Bed bug eggs are tough
You would think something as small and seemingly frail like a bed bug egg wouldn’t have much of a chance, yet Dr. Miller’s research says that under optimal conditions, just about 97 percent of the bed bug eggs hatch. Insecticides sold at the local hardware store can’t penetrate the protective eggshell, says Green. Even diatomaceous earth, one of the home remedies for bed bugs, only kills nymphs and adult bed bugs—not the eggs. Here’s what’s lethal to the eggs: Temperatures above 120 degrees, or below 0. Green says some professional products may be successful at wiping out the eggs but only with precise and proper application techniques.
A new generation of bed bugs will hatch between nine and 12 days of optimal room temperatures—around 72 degrees—Green says. Hatching takes longer under cooler conditions. Once the nymphs emerge, they immediately start searching for a blood meal. “Literature has suggested that nymphs require a blood meal soon because they may desiccate. A blood meal will help them with moisture, but they can also survive by hiding out in crevices in optimal temperatures of 70 to 90 degrees,” says Green. Even without a blood snack, nymphs may live for two to four months. Check out some more secrets bed bugs don’t want you to know.
Everything you need to know about bedbugs
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Bedbugs are small, wingless insects that feed exclusively on the blood of warm-blooded animals. Humans are the preferred hosts for the two main species.
There are two species of bedbugs that are known to feed on human blood. They are known scientifically asCimex lectulariusandCimex hemipterus. They have been found in the tombs of ancient Egyptians from 3,500 years ago.
Over millions of years, bedbugs have evolved as nest parasites, inhabiting the nests of birds and the roosts of bats. Some of them have learned to adapt to the human environment.
Newborn bedbugs, called hatchlings or nymphs, are tiny but visible and about the size of a poppy seed. Adults grow to about 0.25 inches long with an oval and flattened shape when they are not feeding. After feeding, they can double in size. Nymphs, eggs, and adults are visible to the naked eye.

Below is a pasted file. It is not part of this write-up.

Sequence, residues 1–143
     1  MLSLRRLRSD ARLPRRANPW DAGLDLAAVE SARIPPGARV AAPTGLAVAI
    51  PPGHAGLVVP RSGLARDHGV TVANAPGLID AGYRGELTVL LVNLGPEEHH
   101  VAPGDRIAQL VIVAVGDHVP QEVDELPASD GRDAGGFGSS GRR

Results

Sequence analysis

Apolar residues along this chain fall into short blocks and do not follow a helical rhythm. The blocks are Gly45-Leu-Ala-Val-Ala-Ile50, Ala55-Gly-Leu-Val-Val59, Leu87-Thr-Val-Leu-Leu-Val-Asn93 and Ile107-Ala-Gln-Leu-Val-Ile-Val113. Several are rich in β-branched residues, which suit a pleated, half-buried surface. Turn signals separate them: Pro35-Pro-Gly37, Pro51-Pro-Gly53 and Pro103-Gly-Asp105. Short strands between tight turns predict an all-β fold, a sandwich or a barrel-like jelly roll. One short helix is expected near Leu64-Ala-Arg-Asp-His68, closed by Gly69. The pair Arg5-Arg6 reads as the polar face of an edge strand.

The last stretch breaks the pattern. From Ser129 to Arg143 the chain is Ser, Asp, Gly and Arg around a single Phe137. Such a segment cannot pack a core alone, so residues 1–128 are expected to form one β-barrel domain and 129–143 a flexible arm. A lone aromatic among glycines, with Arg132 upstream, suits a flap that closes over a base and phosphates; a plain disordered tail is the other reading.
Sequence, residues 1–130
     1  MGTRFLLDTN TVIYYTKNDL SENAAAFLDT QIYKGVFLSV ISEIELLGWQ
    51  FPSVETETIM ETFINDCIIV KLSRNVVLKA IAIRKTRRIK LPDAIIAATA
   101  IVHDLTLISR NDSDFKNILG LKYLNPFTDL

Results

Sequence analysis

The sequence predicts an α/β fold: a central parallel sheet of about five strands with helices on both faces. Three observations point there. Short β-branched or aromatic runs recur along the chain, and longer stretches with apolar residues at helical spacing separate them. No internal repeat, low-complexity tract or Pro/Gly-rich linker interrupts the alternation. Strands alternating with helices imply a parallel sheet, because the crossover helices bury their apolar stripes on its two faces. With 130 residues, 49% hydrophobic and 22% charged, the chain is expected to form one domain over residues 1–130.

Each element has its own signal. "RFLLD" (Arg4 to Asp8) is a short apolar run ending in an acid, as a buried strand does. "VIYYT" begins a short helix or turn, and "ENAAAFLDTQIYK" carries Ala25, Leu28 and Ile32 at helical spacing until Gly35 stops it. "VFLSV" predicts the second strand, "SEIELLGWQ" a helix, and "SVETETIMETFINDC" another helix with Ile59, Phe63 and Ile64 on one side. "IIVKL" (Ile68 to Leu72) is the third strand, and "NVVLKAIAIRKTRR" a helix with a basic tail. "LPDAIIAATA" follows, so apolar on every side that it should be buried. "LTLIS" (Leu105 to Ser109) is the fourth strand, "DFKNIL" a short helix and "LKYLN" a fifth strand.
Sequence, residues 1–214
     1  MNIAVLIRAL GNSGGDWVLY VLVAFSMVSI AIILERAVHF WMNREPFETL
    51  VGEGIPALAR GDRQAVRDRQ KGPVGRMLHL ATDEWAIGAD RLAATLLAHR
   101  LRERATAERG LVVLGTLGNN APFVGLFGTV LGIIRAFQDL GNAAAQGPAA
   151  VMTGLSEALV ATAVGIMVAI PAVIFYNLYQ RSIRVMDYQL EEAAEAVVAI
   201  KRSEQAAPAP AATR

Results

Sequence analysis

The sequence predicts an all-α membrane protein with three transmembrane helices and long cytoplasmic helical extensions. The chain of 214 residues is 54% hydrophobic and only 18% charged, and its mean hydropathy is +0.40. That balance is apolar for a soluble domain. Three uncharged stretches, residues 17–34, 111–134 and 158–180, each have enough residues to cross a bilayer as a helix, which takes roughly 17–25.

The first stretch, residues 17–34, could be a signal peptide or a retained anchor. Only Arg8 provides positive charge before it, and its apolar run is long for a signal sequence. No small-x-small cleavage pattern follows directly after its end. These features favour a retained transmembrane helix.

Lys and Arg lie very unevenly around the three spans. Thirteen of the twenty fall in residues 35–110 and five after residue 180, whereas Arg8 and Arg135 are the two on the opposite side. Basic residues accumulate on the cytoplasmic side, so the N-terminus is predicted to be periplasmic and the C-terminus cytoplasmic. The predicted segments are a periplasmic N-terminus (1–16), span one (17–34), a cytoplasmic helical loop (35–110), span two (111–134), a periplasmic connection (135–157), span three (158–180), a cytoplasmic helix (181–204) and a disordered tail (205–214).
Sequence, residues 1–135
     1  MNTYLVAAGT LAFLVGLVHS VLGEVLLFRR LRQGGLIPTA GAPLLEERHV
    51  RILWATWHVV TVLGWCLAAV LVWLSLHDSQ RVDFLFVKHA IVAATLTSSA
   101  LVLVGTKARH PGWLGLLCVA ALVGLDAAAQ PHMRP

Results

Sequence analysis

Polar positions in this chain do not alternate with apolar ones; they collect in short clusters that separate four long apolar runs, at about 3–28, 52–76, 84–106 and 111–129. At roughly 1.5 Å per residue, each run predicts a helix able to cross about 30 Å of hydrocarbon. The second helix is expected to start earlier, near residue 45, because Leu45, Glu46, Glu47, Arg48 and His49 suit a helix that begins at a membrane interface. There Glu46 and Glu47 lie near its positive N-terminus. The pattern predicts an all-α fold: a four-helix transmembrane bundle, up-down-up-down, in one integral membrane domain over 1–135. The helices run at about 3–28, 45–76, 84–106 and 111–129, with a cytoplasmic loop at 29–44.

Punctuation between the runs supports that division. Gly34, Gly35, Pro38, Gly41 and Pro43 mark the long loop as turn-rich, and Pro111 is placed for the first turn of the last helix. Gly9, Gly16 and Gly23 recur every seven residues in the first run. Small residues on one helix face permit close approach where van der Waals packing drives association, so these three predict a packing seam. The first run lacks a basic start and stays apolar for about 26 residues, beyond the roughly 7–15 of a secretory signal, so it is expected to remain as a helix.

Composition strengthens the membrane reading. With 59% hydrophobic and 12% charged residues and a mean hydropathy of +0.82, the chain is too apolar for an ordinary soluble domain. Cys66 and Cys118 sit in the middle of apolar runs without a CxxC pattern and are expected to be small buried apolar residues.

They are called bedbugs because of their preferred habitat in human homes: Sofas, bed mattresses, clothing, and other soft furnishings. They also prefer the dark.
Bedbugs are seen as a growing problem within all types of dwellings, including private homes, dormitories, cruise ships, army barracks, and shelters.
When seen close up, their color may range from a white, light tan to a deep brown or burnt orange color. When they have fed, a dark red or black blob may be observed within their body. They seek shelter in dark cracks and crevices when disturbed.
Fast facts on bedbugs
- Bedbugs are small wingless insects that feed on the blood of warm-blooded animals.
- Most bedbugs feed on their hosts while they are asleep.
- The peak time for feeding is between midnight and 5 am.
- Bites can be seen quickly but may take up to 14 days to become visible.
- Bed bugs need to feed regularly to reproduce, lay eggs and survive.
Share on Pinterest A bedbug may cause a coriander-like smell.
The most obvious sign of bedbugs in the home is that people complain of bites that occurred while they were asleep. If this happens, examine the bedrooms for bedbugs and signs of bedbug activity.
Look carefully in bed linen and the seams and tufts of mattresses and box springs for bugs or eggs. The eggs will look like tiny, pale poppy seeds.
Signs of bedbug activity may occur beneath loose areas of wallpaper near beds, in the corner of desks and dressers, in the laundry, and in drawers.
Keep an eye out for dark brown or rust-colored bedbug droppings that stain material and mattresses. Bedbug excrement is a liquid that looks either light brown or black, and it usually either beads up or is absorbed by the material around it.
A large population of bedbugs may produce a coriander-like odor.
Treatment focuses on relieving symptoms and includes:
- topical creams, such as cortisone, to relieve itching
- an oral antibiotic, if infection occurs because of skin irritation around the bite
- corticosteroids, if a person has a severe allergic reaction
- antihistamines, to help relieve allergic reactions
Most bites heal within 1 and 2 weeks of occurrence.
Some of these treatments are available for purchase online, including cortisone and antihistamines.
Since bedbugs can hide in a wide range of places in the home, they are not easy to remove. It is advisable to bring in a pest control professional.
Removing excess clutter from the house, giving the bedbugs fewer places to hide, makes inspection and removal less difficult.
Some pest control companies request that furniture is pulled away from walls and mattresses and box springs stood on edge before they enter the home. Other companies prefer everything to be left where it is so that they can perform a check before moving the furniture themselves.